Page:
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While predictions for the year ahead remain fraught with uncertainty, there is cause for optimism as we head into 2021 and — hopefully — leave the worst of the pandemic behind us.

To keep your spirits up and continue providing your clients with proper support, avoid dwelling on the difficulties of the past and focus instead on the year to come, suggested Faisal Karmali, first vice-president, portfolio manager and investment advisor with CIBC Wood Gundy in Calgary.

“I think 2020 has shown us the things that we miss in our lives and what we’re thankful for,” Karmali said. “So, let’s focus on gratitude. Let’s focus on explaining to our clients why we’re fortunate and what we can be happy for.”

There is no question that 2020 was a tumultuous year. However, the resiliency of the stock market has been impressive, and the year ended with another bull market after a short-lived bear market last spring.

“I don’t want to minimize the fact that the pandemic has been extremely challenging for a large segment of society, but at the same time, from our clients’ perspective, the results of 2020 have actually been quite good,” said Todd Neff, financial advisor with Edward Jones in Burlington, Ont.

In times of economic uncertainty, Neff said, his mantra is to “stay calm, stay invested and look for opportunity” — a strategy that will be essential this year. Rather than dwelling on difficult times, he said, he chooses to try to learn from them.

“Look for the lesson,” Neff said. “What I have learned to do is never let a loss or failure pass without digging deep and trying to learn from it so we can get better because of it.”

You also can slow down and focus on what you can control, said Sue Derlago, vice-president and senior financial planner with Canaccord Genuity Wealth Management in Calgary.

There are many aspects of client service you can manage, from assessing the quality of investments and allocation of risk in a portfolio to addressing a client’s tax situation, Derlago said. “It sounds simple and it almost sounds boring, but having that consistent, repeatable process has been really critical: just staying on course and focusing on the things that you do, in fact, have control over,” she said.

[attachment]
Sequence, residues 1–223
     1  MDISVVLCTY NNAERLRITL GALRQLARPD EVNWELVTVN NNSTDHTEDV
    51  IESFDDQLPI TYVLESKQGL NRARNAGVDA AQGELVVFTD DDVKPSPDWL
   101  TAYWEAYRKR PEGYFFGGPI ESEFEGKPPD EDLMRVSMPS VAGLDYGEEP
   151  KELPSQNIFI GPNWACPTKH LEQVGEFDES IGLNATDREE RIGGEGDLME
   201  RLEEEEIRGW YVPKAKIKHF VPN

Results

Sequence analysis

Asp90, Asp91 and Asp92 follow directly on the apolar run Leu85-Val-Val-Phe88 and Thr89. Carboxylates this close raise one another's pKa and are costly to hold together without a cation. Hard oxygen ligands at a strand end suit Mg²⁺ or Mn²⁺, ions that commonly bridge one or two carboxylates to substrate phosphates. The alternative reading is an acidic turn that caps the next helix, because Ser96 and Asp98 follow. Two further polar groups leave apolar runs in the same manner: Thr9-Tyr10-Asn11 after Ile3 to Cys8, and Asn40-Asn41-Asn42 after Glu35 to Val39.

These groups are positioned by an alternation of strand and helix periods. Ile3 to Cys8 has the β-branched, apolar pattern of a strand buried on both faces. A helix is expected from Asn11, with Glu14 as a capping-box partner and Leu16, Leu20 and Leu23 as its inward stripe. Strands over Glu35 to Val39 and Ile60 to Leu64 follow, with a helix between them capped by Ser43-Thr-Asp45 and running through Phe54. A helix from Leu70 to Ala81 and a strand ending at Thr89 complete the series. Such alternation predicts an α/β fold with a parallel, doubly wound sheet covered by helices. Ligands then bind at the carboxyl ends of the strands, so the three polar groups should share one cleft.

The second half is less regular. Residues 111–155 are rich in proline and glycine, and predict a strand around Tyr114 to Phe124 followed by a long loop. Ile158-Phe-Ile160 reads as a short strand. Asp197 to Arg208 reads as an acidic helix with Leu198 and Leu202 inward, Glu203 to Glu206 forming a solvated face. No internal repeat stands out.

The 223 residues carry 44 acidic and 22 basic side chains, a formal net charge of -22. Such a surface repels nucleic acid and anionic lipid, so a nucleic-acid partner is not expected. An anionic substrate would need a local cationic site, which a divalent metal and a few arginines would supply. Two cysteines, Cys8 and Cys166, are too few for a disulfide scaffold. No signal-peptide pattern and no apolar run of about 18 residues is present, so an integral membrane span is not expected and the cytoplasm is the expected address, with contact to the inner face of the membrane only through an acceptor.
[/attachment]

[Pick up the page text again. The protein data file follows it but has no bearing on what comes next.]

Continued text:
You also can control your exposure to external influences — namely, the news. Derlago advises both her clients and her team members to limit their access to the news and stop checking portfolios daily. Such behaviour is “only going to create fear and anxiety.”

Clients expect their advisors to have the stamina to support them as tough economic times continue, so you should create habits and a routine to remain optimistic, Derlago said. “Our job as advisors is to stay above the noise,” she said.

During the lockdown last spring, Derlago’s team began holding daily group check-ins via Zoom — a routine that has been revived now that much of the country is once again under heavy restrictions.

“Implementing a daily huddle became really valuable for us to stay connected and also keep team members and staff positive,” Derlago said.

Karmali said he prioritizes compassion and encourages celebration to keep his Edward Jones team engaged. The team celebrates birthdays and holidays together virtually, and remains in frequent communication through one-on-one sessions and group check-ins.

“We are allowed to be honest and we are allowed to have bad days,” Karmali said. “It’s OK to share [that] and let people know where we’re at.”

Karmali anticipates 2021 will bring challenges of its own, but said he and his clients are “cautiously optimistic.” He’s also hopeful that the year ahead will continue to shine a positive light on the value of financial advice.

“There is still a stigma that we’re just money managers; that we are just looking at investments and creating and growing portfolios,” Karmali said. “I think what 2020 has shown is that we are a lot more intrinsic with our clients. We are a lot more connected with the people behind all that wealth, and that’s a great shift in our industry.”